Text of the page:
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Finger Ring and Rope

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Finger Ring and Rope is a close-up illusion in which a finger ring (usually borrowed) is threaded onto a soft piece of rope that is typically between 18 and 24 inches long. The ring then magically penetrates the center of the rope, coming off in the magician's hand. Very often this is the first of a multi-phase routine wherein the ring is repeatedly threaded onto the rope and penetrates each time under increasingly impossible conditions.

There are also techniques wherein the ring can be made to magically link onto the center of the rope (such as Dan Garrett's Faustus Ring Move).

Multi-Phase Routines in Print

  • The Ring and String Routine, by Mark Leveridge. A four-phase routine published as part of Mark Leveridge's Master Routine Series. A borrowed finger ring links to and unlinks from an examinable length of thin rope (or cord). Leveridge performed the routine as part of his award-winning act in the 1989 British IBM Close-up Competition.
  • The Ring, by Brian Nordstrom. Published in Genii 2006 December. A ring is threaded onto the string, then unlinks, relinks, and finally vanishes from the middle of the string, only to reappear on the finger where it began. One phase features an adaptation of Jay Sankey's Two-Way Toss to create a very visual link of a finger ring onto the center of a rope.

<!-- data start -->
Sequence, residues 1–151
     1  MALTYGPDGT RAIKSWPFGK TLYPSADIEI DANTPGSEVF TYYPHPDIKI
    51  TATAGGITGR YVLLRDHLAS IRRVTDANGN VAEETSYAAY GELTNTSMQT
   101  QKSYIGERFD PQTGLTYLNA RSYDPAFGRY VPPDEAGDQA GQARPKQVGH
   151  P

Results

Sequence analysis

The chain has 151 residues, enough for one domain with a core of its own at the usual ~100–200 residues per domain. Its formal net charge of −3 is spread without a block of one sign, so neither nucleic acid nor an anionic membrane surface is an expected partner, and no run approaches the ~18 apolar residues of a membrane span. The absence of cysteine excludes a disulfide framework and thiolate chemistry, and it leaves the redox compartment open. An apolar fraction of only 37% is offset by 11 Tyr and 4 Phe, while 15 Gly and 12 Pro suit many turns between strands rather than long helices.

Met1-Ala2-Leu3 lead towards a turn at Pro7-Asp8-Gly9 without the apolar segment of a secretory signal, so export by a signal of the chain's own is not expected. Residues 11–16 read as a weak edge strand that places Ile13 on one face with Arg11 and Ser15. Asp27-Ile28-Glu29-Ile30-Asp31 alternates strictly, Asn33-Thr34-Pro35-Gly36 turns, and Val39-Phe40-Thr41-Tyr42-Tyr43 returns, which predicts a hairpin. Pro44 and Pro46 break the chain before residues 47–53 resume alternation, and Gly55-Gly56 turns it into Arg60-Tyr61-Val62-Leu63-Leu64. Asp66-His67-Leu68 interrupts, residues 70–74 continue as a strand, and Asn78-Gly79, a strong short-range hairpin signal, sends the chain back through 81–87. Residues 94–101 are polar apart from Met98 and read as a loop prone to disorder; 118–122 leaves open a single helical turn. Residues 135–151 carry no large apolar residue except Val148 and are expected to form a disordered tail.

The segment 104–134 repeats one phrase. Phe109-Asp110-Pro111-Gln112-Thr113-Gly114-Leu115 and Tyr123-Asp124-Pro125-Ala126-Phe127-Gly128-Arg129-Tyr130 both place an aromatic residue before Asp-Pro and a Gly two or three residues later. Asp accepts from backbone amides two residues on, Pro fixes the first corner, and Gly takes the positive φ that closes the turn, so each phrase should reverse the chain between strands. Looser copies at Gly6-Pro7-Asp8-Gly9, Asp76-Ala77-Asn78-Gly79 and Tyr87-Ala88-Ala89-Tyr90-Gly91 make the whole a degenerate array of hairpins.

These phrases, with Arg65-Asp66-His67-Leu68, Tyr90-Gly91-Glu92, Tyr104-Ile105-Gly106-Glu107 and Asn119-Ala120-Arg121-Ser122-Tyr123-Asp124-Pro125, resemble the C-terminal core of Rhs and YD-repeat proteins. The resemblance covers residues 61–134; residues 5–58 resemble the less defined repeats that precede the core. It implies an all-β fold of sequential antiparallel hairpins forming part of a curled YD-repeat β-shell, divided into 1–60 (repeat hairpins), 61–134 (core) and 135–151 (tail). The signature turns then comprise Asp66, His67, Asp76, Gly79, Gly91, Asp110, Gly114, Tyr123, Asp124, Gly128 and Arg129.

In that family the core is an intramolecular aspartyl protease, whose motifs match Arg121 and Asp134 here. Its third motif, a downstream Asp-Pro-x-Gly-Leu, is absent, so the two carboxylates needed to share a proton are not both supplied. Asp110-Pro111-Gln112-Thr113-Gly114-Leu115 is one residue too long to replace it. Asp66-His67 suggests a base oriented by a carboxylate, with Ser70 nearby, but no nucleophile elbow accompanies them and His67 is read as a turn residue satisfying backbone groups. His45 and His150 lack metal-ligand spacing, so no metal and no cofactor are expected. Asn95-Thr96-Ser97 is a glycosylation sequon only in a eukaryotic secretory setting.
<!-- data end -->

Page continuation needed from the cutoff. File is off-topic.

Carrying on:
• The Relentless Ring & String Routine, by Bob Miller. A long, multi-phase routine that is also modular, meaning that it has a number of shorter stopping points. First published as a booklet in 1997. Now a new version is available on DVD by Bob Miller MAGIC! in 2009.

Solo Finger-Ring-And-Rope Moves in Print

  • Ringer, by Scotty York. Published in Kabbala, Volume 2, #2 (October, 1972), then later reprinted in the bound volume.
  • OffeRing, by Ron Vergilio. Published and marketed in 1976. A borrowed ring is threaded onto a length of rope by the spectator themself. The ring, now in the center of the rope is placed on the performers palm. The hand is closed around the ring and the spectator is asked to hold the ends of the rope. The ring then penetrates through the rope. The magicians hands never passes or comes close to the ends of the rope at any time.
  • Clifton's Ring Move, by Emile Clifton. Published in Variations (Earl Nelson, 1978). A seminal method for apparently causing a ring that's hanging from the middle of a rope to vanish while the ends are being held by a spectator.
  • Ringworm, by Richard Sanders. Published in Random Acts of Magic (David Acer, 2004). A borrowed finger ring is openly placed in a coin purse, whereupon the purse is closed and tabled. The magician then ties a knot at the center of his rope, holds one end of the rope in each hand so the knot hangs in the middle, then pulls the rope taut, causing the knot to change instantly into the spectator's ring. The spectator is invited to look inside the coin purse, wherein he finds the knot.